I was pleasantly surprised by the number of insects and spiders I came across in Fiji. As one moves further away from large land masses, the number of species of animals dwindles. This phenomenon is especially evident as one moves from west to east across the vast Pacific ocean, starting in Asia and Australasia, and moving steadily towards Hawaii and Tahiti. Fiji is already a significant distance away from the centers of biodiversity, however these islands are larger than many others in the Pacific, and there are enough smaller islands between Fiji and the larger lands to the west to allow a reasonable selection of birds, insects and even reptiles to make the journey.
I came across far more spiders than I expected, especially on the small, dry and somewhat bare island of Wayalailai at the southern end of the Mamanuca chain, north of the main island of Viti Levu. As well as some beautifully coloured and patterned diurnal spiders, I also came across one or two very large nocturnal species, one individual spending the entire night inside a stall in the men's toilet at the backpacker's resort where I was staying.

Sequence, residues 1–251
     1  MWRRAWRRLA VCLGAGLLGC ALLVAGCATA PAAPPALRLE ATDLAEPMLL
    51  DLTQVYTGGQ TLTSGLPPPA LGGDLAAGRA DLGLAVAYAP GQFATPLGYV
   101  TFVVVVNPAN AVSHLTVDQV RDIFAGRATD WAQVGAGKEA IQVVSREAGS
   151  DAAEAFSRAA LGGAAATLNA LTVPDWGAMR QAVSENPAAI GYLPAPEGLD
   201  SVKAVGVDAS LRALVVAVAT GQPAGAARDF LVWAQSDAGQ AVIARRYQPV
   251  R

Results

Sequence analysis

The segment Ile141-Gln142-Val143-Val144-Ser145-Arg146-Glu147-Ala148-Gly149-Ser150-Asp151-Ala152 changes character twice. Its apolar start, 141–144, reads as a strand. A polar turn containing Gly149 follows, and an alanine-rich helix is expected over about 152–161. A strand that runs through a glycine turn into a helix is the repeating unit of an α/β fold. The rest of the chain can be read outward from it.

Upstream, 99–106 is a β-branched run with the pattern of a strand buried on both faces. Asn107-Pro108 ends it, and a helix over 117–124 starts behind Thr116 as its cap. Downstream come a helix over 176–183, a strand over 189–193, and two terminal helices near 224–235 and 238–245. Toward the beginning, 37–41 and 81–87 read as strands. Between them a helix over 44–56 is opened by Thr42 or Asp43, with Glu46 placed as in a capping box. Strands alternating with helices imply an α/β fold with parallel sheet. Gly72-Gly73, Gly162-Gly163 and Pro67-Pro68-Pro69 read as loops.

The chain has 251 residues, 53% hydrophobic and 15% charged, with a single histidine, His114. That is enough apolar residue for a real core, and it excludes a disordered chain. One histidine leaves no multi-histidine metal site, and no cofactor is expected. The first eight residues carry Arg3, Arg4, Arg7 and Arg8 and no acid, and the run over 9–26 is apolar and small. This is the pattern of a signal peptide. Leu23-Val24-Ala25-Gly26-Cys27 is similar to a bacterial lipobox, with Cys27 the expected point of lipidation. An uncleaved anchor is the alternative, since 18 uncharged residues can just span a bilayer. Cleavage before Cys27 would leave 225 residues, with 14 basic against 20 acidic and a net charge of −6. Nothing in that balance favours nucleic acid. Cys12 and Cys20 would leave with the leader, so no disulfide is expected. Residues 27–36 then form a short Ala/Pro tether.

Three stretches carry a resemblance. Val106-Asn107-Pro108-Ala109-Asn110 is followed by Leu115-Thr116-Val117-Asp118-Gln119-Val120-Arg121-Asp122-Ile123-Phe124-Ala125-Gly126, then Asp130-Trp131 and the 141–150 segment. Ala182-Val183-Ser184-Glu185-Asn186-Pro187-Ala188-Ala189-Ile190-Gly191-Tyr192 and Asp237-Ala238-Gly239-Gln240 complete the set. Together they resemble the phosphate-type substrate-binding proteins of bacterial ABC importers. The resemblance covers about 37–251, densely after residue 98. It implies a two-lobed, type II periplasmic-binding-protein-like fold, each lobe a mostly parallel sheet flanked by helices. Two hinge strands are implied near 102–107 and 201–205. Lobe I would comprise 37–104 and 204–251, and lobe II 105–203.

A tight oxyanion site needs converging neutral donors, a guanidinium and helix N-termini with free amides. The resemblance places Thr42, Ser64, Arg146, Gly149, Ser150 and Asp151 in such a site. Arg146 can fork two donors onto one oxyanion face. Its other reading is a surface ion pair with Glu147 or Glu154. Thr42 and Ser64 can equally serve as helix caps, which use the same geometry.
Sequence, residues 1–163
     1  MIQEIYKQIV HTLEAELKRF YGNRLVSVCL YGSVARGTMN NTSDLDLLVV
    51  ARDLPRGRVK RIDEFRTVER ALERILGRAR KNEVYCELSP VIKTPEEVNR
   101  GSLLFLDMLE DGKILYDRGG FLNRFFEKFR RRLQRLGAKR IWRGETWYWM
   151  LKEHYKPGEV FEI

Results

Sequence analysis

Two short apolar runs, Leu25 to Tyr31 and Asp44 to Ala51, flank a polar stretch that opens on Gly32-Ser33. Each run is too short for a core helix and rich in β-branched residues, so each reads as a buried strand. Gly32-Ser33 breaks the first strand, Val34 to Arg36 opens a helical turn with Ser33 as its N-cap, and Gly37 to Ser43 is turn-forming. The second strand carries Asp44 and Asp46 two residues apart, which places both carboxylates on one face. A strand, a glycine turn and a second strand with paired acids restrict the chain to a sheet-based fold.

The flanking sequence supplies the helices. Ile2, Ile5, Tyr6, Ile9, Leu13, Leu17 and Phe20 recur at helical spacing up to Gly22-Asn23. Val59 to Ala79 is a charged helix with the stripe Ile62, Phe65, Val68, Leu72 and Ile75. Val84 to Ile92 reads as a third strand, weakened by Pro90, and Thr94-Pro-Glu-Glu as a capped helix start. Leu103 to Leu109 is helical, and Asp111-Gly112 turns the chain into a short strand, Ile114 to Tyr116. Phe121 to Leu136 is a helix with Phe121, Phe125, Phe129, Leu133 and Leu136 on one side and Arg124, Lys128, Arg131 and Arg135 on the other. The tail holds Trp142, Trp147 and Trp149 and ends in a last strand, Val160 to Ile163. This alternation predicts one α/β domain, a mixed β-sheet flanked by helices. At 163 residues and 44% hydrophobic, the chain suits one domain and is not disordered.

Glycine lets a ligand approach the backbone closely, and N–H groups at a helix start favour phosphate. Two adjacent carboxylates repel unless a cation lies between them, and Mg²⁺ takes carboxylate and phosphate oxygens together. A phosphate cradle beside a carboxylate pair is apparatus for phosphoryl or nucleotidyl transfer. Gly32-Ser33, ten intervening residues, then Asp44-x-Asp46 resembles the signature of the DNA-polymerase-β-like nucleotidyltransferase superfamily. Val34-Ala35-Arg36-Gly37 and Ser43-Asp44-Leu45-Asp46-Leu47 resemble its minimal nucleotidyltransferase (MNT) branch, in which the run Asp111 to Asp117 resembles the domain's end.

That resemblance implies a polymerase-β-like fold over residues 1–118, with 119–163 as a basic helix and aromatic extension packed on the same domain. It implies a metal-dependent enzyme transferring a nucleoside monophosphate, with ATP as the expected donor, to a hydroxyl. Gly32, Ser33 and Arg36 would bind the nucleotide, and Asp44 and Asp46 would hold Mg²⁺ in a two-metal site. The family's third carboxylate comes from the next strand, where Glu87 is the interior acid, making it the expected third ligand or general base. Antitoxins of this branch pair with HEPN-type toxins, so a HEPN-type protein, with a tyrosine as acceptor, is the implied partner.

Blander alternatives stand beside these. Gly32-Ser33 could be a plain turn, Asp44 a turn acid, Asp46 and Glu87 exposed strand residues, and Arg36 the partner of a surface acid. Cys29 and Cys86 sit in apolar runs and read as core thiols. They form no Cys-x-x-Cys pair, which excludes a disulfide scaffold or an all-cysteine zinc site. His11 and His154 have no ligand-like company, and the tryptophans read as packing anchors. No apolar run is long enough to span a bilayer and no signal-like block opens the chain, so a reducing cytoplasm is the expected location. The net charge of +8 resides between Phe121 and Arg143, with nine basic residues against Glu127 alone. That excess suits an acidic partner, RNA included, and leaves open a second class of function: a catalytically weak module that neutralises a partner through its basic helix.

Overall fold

I saw a few dragonflies and damselflies on Wayalailai, Taveuni and Vanua Levu, but I really hit the jackpot when I went to Koroyanitu National Park, part way inland on Viti Levu. The stream that flows through the main valley in this park was home to a concentrated variety of these attractive insects.
There weren't as many butterflies or caterpillars as I might have liked, nevertheless I did photograph a number of species, including the ubiquitous blue moon butterfly, which is pretty common but isn't very easy to photograph because of its jumpiness. I didn't see any wildly spectacular butterflies, and I'd say that the caterpillars were probably more interesting, a not uncommon situation anywhere in the world.